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DEA Accepts Health Agency’s Recommendation To Reclassify Cannabis

Cannabis should be removed from the Controlled Substances Act altogether, thereby providing state governments the ability to regulate marijuana

For the first time, the Drug Enforcement Administration has called for ‘botanical cannabis’ to be reclassified under federal law.

The DEA’s decision, which the Associated Press is reporting today, to move cannabis from Schedule I to Schedule III of the US Controlled Substances Act comes eight months after the US Department of Health and Human Services initially advocated for the change, finding, “The vast majority of individuals who use marijuana are doing so in a manner that does not lead to dangerous outcomes to themselves or others.” The Biden Administration initiated federal agencies to review the issue in October 2022 – marking the the first time a President has ever made such a request.

By definition, Schedule I substances are criminally prohibited by federal law because they possess a “high potential for abuse“ and have “no currently accepted medical use in the United States.” Cannabis has remained classified as a Schedule I controlled substance since 1970.

The DEA’s determination must be reviewed by the White House Office of Management and Budget, according to AP.

Commenting on the forthcoming decision, NORML Deputy Director Paul Armentano said, “It is significant for these federal agencies, and the DEA and FDA in particular, to acknowledge publicly for the first time what many patients and advocates have known for decades: that cannabis is a safe and effective therapeutic agent for tens of millions of Americans.”

Armentano cautioned, however, that reclassifying cannabis as a Schedule III substance would not immediately address the growing chasm between federal law and the laws of most states that currently regulate cannabis for either medical or adult use.

“The goal of any federal cannabis policy reform ought to be to address the existing, untenable divide between federal marijuana policy and the cannabis laws of the majority of US states,” he said. “Rescheduling the cannabis plant to Schedule III fails to adequately address this conflict, as existing state legalization laws — both adult use and medical — will continue to be in conflict with federal regulations, thereby perpetuating the existing divide between state and federal marijuana policies.”

Historically, Schedule III substances have received explicit market approval by the FDA; they are only legal to possess when obtained in licensed pharmacies under a physician’s prescription.

“Just as it is intellectually dishonest and impractical to categorize cannabis in the same placement as heroin, it is equally disingenuous and unfeasible to treat cannabis in the same manner as anabolic steroids and ketamine,” Armentano said. “The majority of Americans believe that cannabis ought to be legal and that its health risks are less significant than those associated with federally descheduled substances like alcohol and tobacco. In fact, HHS reached a similar conclusion regarding cannabis’ safety profile in its own analysis.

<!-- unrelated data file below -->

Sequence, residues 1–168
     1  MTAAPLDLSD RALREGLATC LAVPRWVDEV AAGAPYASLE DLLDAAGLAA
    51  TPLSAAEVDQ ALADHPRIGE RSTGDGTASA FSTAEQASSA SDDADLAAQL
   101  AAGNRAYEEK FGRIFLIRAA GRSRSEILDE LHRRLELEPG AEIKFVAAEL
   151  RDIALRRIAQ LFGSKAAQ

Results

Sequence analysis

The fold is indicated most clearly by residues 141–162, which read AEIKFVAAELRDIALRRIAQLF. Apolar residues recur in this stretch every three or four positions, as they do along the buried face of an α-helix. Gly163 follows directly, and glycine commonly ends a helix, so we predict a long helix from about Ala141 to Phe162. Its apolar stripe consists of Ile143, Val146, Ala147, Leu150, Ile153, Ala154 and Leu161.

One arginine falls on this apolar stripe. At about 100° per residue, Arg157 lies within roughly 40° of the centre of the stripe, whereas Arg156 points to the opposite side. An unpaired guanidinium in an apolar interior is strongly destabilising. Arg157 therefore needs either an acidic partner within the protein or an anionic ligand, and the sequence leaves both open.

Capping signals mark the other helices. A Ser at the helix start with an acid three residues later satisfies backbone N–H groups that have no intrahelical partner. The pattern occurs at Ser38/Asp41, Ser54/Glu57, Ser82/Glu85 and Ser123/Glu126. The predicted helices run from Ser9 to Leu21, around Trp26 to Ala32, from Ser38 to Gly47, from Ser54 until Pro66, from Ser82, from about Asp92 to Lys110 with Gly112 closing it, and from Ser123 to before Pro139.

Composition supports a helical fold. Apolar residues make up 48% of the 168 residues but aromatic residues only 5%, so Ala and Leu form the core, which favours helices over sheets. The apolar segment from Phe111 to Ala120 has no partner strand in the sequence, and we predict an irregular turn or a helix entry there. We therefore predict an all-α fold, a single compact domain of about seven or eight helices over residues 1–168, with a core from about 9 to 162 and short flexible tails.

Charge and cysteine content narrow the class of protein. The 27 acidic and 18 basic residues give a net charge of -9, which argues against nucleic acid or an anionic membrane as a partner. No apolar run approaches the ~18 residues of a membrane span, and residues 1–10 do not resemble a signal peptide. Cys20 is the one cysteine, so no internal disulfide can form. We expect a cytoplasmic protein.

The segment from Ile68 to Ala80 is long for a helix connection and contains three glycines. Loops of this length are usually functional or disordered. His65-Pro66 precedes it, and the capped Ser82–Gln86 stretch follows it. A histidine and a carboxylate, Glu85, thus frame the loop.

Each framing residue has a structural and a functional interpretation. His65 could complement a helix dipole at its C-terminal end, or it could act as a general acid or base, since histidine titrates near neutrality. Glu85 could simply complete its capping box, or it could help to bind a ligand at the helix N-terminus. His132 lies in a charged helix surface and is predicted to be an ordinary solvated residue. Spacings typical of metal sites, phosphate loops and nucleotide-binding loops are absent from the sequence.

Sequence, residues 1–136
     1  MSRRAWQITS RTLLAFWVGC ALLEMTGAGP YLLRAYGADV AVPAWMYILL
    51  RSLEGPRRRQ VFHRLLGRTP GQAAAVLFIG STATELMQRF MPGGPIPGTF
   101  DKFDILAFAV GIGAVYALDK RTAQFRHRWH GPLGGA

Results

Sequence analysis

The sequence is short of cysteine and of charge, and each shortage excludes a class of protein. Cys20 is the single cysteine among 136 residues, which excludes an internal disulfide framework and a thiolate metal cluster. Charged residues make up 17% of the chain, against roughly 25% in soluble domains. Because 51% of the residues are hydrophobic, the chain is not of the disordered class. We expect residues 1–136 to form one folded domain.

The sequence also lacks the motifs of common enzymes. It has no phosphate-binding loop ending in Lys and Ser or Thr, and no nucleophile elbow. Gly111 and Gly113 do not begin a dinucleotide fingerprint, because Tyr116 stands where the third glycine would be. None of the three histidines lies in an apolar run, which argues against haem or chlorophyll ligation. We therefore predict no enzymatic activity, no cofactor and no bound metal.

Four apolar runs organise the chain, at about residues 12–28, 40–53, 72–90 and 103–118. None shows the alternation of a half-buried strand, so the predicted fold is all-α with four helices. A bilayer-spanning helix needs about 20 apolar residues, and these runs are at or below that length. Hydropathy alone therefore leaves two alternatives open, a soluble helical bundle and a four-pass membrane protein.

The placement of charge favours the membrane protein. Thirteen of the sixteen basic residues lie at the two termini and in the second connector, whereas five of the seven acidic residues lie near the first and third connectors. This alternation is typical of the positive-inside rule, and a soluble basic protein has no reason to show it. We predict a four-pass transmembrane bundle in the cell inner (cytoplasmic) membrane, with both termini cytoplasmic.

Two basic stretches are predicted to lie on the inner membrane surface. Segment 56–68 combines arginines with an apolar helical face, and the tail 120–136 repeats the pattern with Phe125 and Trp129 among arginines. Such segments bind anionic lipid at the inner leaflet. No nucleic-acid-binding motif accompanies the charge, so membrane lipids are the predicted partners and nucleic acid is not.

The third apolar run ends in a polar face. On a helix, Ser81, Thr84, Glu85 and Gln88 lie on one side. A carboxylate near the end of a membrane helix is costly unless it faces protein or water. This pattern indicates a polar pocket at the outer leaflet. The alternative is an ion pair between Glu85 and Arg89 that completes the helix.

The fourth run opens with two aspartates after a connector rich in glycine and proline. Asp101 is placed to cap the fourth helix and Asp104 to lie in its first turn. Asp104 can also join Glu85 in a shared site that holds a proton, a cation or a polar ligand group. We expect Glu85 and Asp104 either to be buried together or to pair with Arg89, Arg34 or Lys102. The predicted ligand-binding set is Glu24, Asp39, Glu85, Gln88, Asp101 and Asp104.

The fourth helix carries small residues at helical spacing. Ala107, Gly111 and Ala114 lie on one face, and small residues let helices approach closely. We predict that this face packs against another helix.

“Like those latter substances, NORML has long argued that the cannabis plant should be removed from the Controlled Substances Act altogether, thereby providing state governments — rather than the federal government — the ability to regulate marijuana in the manner they see fit without violating federal law, and allowing the federal government to provide standards and guidelines for regulated cannabis markets.”

This is the fifth time that a cannabis rescheduling petition has been decided by the DEA. The agency rejected a similar petition in 2016.

The DEA’s rescheduling decision, once formalized, does not take immediate effect. The agency must first accept public comments, during which time interested parties can formally request administrative hearings to further debate the issue. Only following public comments and a possible judicial review will the agency issue its final determination. Changes in marijuana’s federal status will then take effect 30 days following publication of the DEA’s final rule in the Federal Register.

The DEA’s decision notwithstanding, Armentano speculated that federal agencies may ultimately request Congress to create new regulatory pathways for cannabis products, particularly for those marketed for adult use. The FDA made a similar request in 2023 with respect to hemp-derived CBD products, which they determined did not fit within any existing regulatory frameworks.

This article was republished from NORML. Additional information on cannabis rescheduling is available from the following NORML op-ed and Fact Sheet